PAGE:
My son is studying in Tanzania and was diagnosed June 28, 2011 with malaria while taking Malarone. He took Duo-Cotecxin as prescribed for treatment and was feeling much better. He was given a “clear” blood test result. He started taking Malarone July 16, 2011 and on June 18, 2011 was ill again and diagnosed with malaria a second time in less than 6 weeks. Can malaria occur in this way or is there a possibility that the first case of malaria was controlled but not cured with Dus-Cotecxin and then esculated when he started taking Malarone again?
There are two possibilities in this case; first of all, your son could have had what is called a recrudescence. This is where levels of the parasite in the blood drop to below detectable limits, and the immune system is able to keep the infection at bay. It can occur due to a failure to complete the course of antimalarial drugs, or indeed also due to treatment failure of the medication itself. Although Duo-Cotecxin is one of the recommended artemisinin-based combination therapies (ACTs) on the market for treatment of uncomplicated Plasmodium falciparum malaria, its cure rate is still at 98.7%, meaning that there is still a possibility of the drug not being completely effective in every instance. Moreover, there is a worrying indication that some strains of malaria are actually managing to become resistant even to ACTs.
The other possibility is that your son became re-infected, and it was a separate case of malaria; he was just very unlucky! This is highly unusual while taking Malarone as a prophylaxis, but it is possible. Determining which of these two scenarios occurred is difficult, but some information may be had from the type of blood test he had; clinics in Tanzania regularly use either blood film microscopy or rapid diagnostic tests (RDTs). Microscopy is notoriously insensitive as a diagnostic, and cannot reliably detect malaria parasites below a certain threshold, which depends on the skill and experience of the technician reading the blood slide. Therefore, if your son was declared negative for malaria based on this diagnostic, after the initial treatment, I think there is a good chance he was suffering from a recrudescence or treatment failure. However, if he was diagnosed by RDT, which is very sensitive to even low levels of malaria parasite in the blood, then I would think it might have been re-infection. However, I have concerns about the accuracy of RDTs so soon after infections have been cleared; the tests usually work by binding to malaria antibodies in the blood, which can sometimes persist even after the parasites have all been cleared. As such, you should also check what the diagnostic was the third time he was tested, and if this differed from the other two times; another possibility is that his infection really was cleared through treatment, and then got sick with something other than malaria; if they used an RDT on him at this point to diagnose malaria, they might have got a positive result confounded by his earlier infection. In these cases, you must ensure that the clinician takes a full history and so knows that the patient recently suffered from malaria; it may not be appropriate to use an RDT in this instance.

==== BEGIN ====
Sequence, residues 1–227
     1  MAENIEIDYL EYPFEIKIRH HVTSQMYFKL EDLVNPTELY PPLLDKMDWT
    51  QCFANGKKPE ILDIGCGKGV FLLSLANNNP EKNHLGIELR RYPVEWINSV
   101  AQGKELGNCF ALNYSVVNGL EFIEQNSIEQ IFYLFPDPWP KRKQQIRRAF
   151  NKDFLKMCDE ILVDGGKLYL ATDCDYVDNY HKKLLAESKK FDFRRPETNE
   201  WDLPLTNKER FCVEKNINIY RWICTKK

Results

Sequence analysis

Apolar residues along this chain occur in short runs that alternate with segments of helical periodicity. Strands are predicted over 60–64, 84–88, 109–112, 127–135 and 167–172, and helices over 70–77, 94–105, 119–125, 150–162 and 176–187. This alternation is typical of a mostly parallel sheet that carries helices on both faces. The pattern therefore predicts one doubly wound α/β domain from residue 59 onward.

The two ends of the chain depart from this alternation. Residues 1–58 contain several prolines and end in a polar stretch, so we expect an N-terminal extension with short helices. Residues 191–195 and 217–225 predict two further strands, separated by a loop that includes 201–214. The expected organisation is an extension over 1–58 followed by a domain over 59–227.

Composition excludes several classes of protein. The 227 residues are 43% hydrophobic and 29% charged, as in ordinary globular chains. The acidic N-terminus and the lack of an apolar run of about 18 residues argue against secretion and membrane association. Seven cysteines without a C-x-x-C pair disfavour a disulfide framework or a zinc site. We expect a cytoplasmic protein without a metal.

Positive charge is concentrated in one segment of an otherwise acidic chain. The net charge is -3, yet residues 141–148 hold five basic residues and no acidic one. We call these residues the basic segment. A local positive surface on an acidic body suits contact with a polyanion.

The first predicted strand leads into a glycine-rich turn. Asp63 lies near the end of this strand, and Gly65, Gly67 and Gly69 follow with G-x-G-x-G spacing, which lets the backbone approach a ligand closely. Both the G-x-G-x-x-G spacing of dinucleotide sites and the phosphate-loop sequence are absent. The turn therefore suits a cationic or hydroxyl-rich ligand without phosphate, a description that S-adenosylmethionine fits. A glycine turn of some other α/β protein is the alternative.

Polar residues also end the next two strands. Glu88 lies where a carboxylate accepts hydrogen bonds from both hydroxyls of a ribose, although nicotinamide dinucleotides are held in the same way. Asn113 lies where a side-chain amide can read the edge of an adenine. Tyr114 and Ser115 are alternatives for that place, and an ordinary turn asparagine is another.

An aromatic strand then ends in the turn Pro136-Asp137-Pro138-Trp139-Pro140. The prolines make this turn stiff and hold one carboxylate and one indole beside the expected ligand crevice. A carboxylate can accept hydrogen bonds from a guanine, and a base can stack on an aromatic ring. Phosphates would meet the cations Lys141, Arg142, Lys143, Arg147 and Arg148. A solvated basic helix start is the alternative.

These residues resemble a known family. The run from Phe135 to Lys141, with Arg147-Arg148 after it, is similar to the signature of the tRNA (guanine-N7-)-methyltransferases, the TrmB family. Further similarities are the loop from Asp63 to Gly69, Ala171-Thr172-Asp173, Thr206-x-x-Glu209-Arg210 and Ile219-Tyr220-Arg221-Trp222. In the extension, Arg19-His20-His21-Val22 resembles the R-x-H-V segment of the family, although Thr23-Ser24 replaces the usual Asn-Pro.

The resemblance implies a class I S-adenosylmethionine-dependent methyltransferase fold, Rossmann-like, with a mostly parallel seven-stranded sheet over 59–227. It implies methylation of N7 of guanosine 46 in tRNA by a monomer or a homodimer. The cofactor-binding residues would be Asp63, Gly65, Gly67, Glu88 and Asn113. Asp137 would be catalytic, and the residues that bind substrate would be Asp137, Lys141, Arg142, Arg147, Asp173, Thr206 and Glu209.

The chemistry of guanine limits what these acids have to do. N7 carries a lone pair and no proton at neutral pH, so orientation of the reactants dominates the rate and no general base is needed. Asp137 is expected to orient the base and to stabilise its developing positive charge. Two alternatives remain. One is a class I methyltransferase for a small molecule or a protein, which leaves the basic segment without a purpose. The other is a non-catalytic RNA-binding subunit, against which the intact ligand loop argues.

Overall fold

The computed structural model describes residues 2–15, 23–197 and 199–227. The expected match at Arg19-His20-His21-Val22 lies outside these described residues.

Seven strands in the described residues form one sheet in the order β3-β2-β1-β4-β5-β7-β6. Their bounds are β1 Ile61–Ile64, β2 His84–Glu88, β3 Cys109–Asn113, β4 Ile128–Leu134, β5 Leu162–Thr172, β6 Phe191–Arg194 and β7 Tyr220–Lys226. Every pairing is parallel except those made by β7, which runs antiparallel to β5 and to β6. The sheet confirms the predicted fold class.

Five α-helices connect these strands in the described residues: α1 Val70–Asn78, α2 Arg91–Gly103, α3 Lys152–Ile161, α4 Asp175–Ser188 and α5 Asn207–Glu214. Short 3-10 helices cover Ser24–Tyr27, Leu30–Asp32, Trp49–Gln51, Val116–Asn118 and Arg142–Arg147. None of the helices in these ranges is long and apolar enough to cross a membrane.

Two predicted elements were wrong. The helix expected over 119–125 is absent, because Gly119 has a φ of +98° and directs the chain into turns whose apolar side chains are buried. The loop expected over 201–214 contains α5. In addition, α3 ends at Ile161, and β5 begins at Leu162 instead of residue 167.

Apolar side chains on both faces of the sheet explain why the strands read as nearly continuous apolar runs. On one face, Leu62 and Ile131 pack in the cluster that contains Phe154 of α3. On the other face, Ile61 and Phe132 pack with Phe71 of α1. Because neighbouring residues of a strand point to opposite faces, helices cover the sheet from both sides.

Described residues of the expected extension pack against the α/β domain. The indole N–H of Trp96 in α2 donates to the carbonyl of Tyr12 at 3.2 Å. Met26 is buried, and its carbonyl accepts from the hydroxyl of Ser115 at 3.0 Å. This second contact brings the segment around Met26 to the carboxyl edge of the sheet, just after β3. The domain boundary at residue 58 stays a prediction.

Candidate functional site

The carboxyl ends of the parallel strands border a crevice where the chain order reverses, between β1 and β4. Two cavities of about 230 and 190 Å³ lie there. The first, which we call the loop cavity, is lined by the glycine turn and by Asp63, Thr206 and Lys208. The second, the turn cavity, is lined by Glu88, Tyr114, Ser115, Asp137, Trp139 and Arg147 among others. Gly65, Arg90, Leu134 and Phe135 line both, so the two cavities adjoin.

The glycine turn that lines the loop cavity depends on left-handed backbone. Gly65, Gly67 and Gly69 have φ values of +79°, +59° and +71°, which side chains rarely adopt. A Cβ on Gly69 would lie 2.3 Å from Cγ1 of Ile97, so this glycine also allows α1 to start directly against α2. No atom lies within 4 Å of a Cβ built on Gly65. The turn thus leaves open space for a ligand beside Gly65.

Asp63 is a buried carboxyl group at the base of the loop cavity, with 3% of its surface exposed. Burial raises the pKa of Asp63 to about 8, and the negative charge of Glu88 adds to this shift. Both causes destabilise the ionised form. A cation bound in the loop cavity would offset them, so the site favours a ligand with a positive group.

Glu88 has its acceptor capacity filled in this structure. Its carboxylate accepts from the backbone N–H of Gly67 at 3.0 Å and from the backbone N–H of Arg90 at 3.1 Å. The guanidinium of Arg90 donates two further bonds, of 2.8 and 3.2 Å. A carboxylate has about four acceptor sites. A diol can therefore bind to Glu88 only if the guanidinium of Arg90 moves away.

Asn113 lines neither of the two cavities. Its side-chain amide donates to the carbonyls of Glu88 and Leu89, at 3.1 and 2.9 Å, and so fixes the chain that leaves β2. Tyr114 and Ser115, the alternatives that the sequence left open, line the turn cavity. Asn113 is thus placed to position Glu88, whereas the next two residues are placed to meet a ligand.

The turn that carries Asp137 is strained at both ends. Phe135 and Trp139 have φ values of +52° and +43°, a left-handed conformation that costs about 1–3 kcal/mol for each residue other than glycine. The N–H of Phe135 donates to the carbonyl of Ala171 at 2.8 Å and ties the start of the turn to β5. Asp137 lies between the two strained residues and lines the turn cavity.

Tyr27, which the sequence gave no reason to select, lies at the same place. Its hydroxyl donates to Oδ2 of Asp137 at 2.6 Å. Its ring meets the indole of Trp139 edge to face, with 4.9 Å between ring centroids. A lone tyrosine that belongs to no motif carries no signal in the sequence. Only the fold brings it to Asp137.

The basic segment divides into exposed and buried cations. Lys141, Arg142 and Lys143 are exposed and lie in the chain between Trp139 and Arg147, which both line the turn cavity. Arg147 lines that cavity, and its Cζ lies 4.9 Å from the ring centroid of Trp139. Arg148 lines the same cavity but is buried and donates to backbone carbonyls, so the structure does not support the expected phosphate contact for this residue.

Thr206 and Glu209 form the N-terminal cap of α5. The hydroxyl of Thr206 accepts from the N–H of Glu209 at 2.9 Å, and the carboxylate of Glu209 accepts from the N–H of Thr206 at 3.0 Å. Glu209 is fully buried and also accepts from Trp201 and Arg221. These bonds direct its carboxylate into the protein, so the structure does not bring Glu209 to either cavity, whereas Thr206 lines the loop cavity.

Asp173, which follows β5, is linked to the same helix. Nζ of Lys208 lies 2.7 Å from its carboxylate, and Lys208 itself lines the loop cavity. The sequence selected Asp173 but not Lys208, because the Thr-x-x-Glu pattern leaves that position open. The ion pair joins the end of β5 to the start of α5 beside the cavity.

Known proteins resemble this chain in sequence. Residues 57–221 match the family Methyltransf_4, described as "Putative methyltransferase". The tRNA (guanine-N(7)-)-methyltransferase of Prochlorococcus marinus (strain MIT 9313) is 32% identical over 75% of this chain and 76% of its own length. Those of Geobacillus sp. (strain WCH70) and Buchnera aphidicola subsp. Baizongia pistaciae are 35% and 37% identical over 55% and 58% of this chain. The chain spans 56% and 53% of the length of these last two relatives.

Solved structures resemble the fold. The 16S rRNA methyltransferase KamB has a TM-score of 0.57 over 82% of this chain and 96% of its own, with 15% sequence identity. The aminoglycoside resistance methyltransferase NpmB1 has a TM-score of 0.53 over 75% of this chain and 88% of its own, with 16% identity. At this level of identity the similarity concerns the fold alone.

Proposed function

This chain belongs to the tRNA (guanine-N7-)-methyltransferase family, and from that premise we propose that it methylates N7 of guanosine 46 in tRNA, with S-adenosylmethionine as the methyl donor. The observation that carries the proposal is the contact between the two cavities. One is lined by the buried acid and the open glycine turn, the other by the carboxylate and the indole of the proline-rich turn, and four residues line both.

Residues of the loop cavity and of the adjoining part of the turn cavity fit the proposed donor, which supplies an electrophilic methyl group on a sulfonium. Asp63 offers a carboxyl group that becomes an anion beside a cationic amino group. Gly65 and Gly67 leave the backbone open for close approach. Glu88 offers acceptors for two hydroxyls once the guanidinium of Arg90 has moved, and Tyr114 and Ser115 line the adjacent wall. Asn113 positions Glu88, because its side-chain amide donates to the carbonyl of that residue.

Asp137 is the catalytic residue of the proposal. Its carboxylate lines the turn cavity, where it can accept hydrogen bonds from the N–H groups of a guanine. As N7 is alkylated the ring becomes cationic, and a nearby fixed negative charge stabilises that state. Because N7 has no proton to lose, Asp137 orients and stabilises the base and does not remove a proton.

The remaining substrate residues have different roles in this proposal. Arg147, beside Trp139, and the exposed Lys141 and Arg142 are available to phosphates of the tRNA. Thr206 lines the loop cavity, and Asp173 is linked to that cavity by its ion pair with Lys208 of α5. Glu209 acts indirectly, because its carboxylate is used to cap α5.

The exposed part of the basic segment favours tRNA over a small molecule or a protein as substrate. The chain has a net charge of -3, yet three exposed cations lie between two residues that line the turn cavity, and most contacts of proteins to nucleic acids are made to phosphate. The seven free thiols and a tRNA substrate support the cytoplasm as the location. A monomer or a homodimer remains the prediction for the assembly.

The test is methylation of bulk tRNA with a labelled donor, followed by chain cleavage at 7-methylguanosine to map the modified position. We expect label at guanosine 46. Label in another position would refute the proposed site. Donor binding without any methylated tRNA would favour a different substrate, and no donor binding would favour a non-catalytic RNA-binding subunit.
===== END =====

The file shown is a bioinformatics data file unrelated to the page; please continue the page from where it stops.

If your son is still in Tanzania and would like more information on malaria, he can contact us. I am currently also working in Tanzania and so can perhaps help more if I know the details of his case (where he is based, etc). I would be happy to answer any questions he has.